Juries tend to be offended by the idea that consultants are watching their every move and predicting how they are thinking. Nobody likes feeling manipulated.
All of the company's information goes through the investor relations department. Koenig has a key perspective of what went wrong because he was the window that showed the inside of Enron to the public.
There are those who are trying to roll back a key section of the law less than two years after it took effect. But these rules were put in place to protect us after Enron.
I don't think they have any legitimate grounds for appeal. You have to have some major screw up for a case like this to be reversed or for a judge as prominent as this to be challenged by an appeals court and this doesn't rise to that level.
Too much money has been spent on both sides and my feeling is that the company can get a fair trial given the diverse amount of people in Houston.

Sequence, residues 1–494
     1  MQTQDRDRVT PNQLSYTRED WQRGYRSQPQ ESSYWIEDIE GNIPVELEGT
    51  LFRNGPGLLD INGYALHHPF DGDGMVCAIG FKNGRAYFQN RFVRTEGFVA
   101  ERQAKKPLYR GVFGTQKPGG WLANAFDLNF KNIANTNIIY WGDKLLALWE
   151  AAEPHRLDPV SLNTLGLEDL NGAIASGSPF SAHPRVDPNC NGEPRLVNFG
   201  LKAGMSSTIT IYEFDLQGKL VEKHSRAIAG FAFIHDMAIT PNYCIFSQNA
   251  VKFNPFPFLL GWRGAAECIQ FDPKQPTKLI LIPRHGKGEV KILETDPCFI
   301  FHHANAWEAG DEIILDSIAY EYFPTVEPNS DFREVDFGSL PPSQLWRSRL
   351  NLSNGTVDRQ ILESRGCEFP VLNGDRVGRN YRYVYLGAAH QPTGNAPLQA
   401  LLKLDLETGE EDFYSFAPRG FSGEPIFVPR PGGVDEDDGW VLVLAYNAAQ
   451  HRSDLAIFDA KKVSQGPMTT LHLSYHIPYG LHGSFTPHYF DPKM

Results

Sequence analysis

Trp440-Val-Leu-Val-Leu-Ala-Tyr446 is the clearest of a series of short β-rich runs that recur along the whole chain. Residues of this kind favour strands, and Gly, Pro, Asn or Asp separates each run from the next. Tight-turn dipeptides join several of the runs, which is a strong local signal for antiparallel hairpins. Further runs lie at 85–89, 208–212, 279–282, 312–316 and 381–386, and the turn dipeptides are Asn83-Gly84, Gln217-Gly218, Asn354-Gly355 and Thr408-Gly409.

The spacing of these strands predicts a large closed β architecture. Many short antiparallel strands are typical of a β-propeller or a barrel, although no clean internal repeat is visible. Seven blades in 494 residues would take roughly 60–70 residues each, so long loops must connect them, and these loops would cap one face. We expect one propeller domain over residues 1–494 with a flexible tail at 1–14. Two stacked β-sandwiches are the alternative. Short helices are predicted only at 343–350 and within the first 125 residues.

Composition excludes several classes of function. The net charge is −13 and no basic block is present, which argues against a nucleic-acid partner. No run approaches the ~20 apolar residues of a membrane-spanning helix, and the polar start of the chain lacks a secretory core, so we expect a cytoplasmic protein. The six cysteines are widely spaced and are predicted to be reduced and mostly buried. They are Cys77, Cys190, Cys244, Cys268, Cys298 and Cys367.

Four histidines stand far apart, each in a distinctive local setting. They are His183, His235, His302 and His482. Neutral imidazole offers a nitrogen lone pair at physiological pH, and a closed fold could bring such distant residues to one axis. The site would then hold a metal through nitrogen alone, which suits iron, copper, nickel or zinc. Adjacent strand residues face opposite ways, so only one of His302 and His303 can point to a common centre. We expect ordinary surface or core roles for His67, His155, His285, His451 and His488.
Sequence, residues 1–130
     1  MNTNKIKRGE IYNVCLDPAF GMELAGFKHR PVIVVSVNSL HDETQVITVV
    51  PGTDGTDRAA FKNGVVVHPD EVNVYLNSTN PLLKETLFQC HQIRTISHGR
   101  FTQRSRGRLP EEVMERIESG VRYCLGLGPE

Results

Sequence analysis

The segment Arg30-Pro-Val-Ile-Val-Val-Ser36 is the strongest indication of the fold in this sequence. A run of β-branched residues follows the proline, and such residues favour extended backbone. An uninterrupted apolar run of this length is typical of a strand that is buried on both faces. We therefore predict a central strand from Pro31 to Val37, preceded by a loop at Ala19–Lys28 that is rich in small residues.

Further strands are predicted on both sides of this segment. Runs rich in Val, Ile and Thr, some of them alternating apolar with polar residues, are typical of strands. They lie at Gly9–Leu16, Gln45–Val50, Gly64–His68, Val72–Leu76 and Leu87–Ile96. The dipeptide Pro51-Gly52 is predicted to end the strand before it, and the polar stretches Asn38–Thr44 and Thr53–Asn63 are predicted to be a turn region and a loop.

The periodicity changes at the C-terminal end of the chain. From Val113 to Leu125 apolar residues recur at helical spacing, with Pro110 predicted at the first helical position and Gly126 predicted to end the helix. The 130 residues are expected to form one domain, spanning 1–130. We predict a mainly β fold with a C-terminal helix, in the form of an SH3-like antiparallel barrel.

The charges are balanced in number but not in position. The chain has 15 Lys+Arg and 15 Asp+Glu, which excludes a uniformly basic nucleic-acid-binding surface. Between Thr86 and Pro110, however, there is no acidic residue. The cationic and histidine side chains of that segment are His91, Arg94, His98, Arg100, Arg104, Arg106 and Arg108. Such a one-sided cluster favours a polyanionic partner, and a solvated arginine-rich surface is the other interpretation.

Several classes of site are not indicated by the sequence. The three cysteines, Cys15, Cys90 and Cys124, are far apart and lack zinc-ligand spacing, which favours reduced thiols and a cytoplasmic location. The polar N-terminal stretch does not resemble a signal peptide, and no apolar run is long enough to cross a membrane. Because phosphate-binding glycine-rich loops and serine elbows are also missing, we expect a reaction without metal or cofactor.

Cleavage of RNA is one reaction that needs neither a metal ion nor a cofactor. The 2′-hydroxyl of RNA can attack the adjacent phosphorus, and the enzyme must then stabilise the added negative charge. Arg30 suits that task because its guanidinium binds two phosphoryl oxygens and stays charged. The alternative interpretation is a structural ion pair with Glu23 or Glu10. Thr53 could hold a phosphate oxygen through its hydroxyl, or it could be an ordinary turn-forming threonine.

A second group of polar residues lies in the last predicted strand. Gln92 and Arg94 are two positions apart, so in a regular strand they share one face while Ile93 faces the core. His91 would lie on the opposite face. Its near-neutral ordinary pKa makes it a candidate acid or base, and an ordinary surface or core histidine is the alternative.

I call it the finger pointing defense. They are going to say that they relied on others and if something was wrong with the off-the-book partnership, the professionals should have told them.
Cramer's moving the markets like the star Internet analysts did during the tech bubble. He's got a big following of people who think they're acting responsibly by following Cramer's advice--but in reality he's dangerous to their health.